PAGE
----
Before I moved over here I had such an unshakable faith that everything would work out fine. I had no reason to think that, but of course because I did, everything was fine. In a year and a half I’ve done more than most. The next goal is working on US TV. And to do that, I need to get back to that feeling of ‘it will happen’. But each day I switch wildly from thinking ‘Why not me? I’m tops!’ to wanting to hide under my blanket forever and never come out. And I’m not even trying to be an actor. I just want to interview them for a moderately good living.
Some days, I have fantasies of running away to a villa in the South of France and writing a book, on a typewriter (of course). Other days, I’m a florist or a bookshop owner in a small town, where in true rom com style, the love of my life walks in, I do something awkward, and he falls for me instantly. He also happens to be a millionaire and look like Jake Gyllenhaal. Shhh… this is my dream so don’t ruin it.
But most days, I pinch myself with how lucky I am to be here. “Oh, I live just off Sunset Boulevard,” I catch myself saying. “Sunset. Boulevard.” I repeat. Coooool.I do what I love, and manage to do it without also working in a bar or waiting tables. And I have such a clear picture of where I want to be, I know it could happen, I just have to keep the faith and back myself 100%. 
One day, I’ll be interviewing those three Aussie actors on the red carpet at the Oscars, and I’ll mention the time I saw them, when I was sweaty and unkempt. And we will laugh and laugh, and then I’ll high five Angelina, blow a kiss to Clooney, say goodbye to my millions of TV viewers, and go home with husband Jake Gyllenhaal. Hey! Anything can happen in Hollywood.

Hooray For Hollywood

“Hey, Alicia,” said Jenny, the fit gym instructor whose body I covet in every class, “this is another Australian.”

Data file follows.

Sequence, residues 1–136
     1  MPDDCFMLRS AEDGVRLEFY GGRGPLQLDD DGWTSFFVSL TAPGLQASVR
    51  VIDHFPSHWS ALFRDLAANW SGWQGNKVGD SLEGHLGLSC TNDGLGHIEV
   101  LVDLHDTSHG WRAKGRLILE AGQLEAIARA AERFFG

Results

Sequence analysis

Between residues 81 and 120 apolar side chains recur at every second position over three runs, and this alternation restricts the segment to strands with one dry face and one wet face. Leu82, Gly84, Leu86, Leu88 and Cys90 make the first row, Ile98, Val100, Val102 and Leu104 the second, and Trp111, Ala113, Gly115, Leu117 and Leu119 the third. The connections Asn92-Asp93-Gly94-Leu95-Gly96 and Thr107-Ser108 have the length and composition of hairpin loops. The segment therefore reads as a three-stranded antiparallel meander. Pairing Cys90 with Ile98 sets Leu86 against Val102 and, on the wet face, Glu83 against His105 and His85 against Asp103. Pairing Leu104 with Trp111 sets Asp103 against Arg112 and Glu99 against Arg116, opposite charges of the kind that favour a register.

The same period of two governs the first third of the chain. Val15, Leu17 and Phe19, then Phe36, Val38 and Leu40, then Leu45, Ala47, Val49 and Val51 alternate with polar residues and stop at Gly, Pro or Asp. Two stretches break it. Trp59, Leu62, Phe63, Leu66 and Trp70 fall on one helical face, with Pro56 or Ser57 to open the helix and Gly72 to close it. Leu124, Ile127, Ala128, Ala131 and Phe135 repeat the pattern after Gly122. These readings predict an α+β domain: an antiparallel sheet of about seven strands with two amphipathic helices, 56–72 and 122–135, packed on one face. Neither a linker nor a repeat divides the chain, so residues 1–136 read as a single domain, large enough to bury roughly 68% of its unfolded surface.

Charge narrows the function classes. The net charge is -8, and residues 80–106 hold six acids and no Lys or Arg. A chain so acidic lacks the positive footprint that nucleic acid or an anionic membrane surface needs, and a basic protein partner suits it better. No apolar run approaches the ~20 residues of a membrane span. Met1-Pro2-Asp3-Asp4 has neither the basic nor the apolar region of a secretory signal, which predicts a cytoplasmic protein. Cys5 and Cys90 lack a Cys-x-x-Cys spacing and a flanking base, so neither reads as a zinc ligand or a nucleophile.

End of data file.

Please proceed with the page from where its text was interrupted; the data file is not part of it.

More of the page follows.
I turned, still catching my breath, and looked straight into the eyes of a familiar face, belonging to a former hunk from an Australian soap opera I used to watch. 
“Hello mate, hows it going?” he said with a smile.
“Oh hi!” I smiled back, and proceeded to fire off the usual questions one asks when faced with another Aussie… “Do you live here?” “How long have you been here for?” “Do you like it?” “What are you working on?” “What visa are you on?” and then chucked in a few jokes about Australian slang and how Americans don’t understand it just for good measure. 

‘Aussie Soapie’ had just moved over but already he was getting noticed, following the great trail blazed out by the many Aussie actors before him. There’s hardly a premiere or press junket for a big Hollywood movie where I don’t talk to an Australian; their directors praising them for their work ethic, good looks and down to earth attitude. 

Waving goodbye to Aussie Soapie, I walked over to my favourite café to write some emails and grab some food. Walking in, I immediately spotted another familiar face, a quite famous Australian actor.
“Hi Alicia!” he exclaimed, recognising me from the various interviews I have done with him over the years.
“Hey mate, how are you?” I said sheepishly, wishing as I gave him a hug that I wasn’t wearing gym clothes, no makeup and a heavy sweat. 

After catching up on all his recent accomplishments I sat down to bash out a round of emails. Being a freelancer, 80% of my work is hustling for more. It’s both exhausting and thrilling; a pat on the back knowing every pay cheque was hard won, then immediately trying to stem the rising tide of terror about where the next will come from.

A few minutes after ‘Famous Aussie’ said goodbye, a third familiar face walked into the café, a well-known Aussie comedic actor. I hid in the corner, not wanting to go through another round of “Um, sorry about the… uh… sweat… yeah, just did an exercise class… you know, it was, uh, pretty tough… obviously…”
Note to self: in Hollywood, you never know who you will bump into, so you’d better look good. All the freaking time.

After seeing ‘Aussie Soapie’, ‘Famous Aussie’ and ‘Aussie Comic’ in the space of twenty minutes, I couldn’t help wonder if this was some sort of sign. And not just about the importance of makeup.

All these actors are well established in their own right in Australia, but that doesn’t mean anything over here. They, like everyone else, have to start near the bottom, and work their way up. Tiny fish, gigantic pond. But seeing them all, having meetings, doing their own hustling, and remembering how well they have done so far, reminds me that breaking through is possible.

Moving overseas is intimidating in itself, but moving to Hollywood is a whole other thing. Nearly everyone here is not actually from here. They come from the mid-west, the south, and the east coast, from England, Australia, and Brazil. All have moved here to make their dreams happen, all have given up everything to give it a red hot go (as we would say).